Sometimes the loss function is not written when implementing deep learning in a dissertation. What is the recommended loss function at this time? I would appreciate it if you could write the reason as well.

Hi Yuhske!

I always recommend starting out with the simplest standard approach

commonly recommended for the type of problem, and only suggest

moving to a more elaborate or less-standard approach if a good reason

to do so becomes clear.

For a *binary classification* problem, start with `BCEWithLogitsLoss`

. This

will also apply to something like binary semantic segmentation, where you

are performing a binary classification (e.g., “background” vs. “foreground”)

for each pixel. If you have unbalanced data, try using the `pos_weight`

constructor argument before moving to a different loss function.

For a *multi-class classification* problem, start with `CrossEntropyLoss`

.

Its `weight`

constructor argument can be used to compensate for unbalanced

data.

For a *multi-label, multi-class classification* problem, go back to using

`BCEWithLogitsLoss`

. This is because the multi-label problem should

be understood as a set of binary problems, as each label ca be active

independently for a given sample. (E.g., does the first label apply to the

sample – yes or no?; does the second label apply – yes or no?; and so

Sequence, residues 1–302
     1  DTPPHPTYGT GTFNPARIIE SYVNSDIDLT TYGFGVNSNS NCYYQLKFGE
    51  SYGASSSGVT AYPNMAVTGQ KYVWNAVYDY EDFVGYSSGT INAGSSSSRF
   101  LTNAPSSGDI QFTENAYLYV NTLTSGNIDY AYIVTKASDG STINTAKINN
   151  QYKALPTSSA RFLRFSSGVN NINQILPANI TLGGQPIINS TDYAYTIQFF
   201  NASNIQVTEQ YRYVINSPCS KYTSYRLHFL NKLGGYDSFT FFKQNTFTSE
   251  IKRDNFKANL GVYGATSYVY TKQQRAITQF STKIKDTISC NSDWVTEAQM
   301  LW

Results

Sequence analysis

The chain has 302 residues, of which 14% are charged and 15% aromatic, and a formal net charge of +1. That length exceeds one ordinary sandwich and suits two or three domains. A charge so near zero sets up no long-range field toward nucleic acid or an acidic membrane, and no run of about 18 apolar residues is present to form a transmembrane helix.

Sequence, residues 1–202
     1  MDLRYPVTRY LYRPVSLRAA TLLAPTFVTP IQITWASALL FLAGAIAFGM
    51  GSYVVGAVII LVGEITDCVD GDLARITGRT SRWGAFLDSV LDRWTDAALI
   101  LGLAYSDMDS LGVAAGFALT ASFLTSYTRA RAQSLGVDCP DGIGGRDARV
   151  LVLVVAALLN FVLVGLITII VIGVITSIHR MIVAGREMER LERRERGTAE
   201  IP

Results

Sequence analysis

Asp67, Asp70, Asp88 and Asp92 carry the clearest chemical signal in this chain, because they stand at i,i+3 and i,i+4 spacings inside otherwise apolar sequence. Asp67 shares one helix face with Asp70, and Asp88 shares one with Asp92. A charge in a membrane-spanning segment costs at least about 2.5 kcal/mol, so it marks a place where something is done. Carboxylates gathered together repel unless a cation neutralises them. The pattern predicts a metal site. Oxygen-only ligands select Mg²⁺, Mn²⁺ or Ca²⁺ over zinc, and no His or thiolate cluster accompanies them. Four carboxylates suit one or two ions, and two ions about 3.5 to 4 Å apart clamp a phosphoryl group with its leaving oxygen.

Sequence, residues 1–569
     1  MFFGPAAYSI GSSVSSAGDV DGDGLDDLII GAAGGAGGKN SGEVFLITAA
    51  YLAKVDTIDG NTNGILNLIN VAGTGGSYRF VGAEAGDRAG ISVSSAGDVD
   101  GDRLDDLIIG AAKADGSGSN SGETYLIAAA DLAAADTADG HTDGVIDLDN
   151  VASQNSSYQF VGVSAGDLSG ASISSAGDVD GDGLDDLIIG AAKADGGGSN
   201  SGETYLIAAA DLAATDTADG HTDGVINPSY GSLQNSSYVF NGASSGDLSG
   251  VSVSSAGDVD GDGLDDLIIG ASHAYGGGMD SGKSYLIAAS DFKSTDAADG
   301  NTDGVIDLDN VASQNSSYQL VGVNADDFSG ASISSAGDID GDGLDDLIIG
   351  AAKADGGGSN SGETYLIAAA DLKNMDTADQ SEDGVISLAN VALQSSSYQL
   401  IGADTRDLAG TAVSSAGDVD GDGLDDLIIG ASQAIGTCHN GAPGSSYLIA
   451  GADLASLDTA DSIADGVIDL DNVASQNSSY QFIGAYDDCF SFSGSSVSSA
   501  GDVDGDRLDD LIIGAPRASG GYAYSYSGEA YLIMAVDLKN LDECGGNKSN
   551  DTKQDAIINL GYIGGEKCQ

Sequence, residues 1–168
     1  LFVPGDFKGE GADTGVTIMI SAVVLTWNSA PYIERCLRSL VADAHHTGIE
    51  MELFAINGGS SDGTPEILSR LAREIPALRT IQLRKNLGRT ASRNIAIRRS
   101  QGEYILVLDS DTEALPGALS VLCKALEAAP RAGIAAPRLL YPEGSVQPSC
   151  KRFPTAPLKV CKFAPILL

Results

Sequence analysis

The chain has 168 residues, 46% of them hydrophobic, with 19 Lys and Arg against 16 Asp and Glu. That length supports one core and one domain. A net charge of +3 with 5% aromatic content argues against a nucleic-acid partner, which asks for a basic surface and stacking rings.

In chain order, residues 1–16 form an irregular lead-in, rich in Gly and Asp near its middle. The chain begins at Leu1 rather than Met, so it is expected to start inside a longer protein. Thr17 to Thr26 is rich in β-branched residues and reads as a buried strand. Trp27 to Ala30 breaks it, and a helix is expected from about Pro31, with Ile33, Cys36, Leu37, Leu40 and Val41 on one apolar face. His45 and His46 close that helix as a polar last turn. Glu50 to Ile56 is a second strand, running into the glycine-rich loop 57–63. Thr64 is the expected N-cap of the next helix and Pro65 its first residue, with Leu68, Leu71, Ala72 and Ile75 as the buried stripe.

on.)

For a “regression” problem, start with `MSELoss`

. By regression, I mean

that your model predicts a floating-point number that should match, as

closely as possible, a floating-point target – and that a close match is

quantitatively better than a less-close match. Let’s say that you are trying

to predict the return on a stock price from today to tomorrow: If tomorrow’s

price turns out to be 1.1% higher than today’s, and you predict 1.0%, you’ve

done quite well (so don’t penalize your prediction very much). If you predict

0.9%, you’ve still done quite well. But a prediction of -1.0% or 3.5% would

be significantly worse, and should be penalized more heavily. That’s exactly

how the squared errors in `MSELoss`

work.

(As an aside *don’t* use `MSELoss`

for typical classification problems. Let’s

say you have “0 – cat,” “1 – trout,” and “2 – sparrow.” Misclassifying a

sparrow as a trout is just as bad as misclassifying it as a cat. But `MSELoss`

would say that trout would be less of an error than cat, so it’s not the right

fit for this kind of problem, and you won’t train as effectively.)

Best.

K. Frank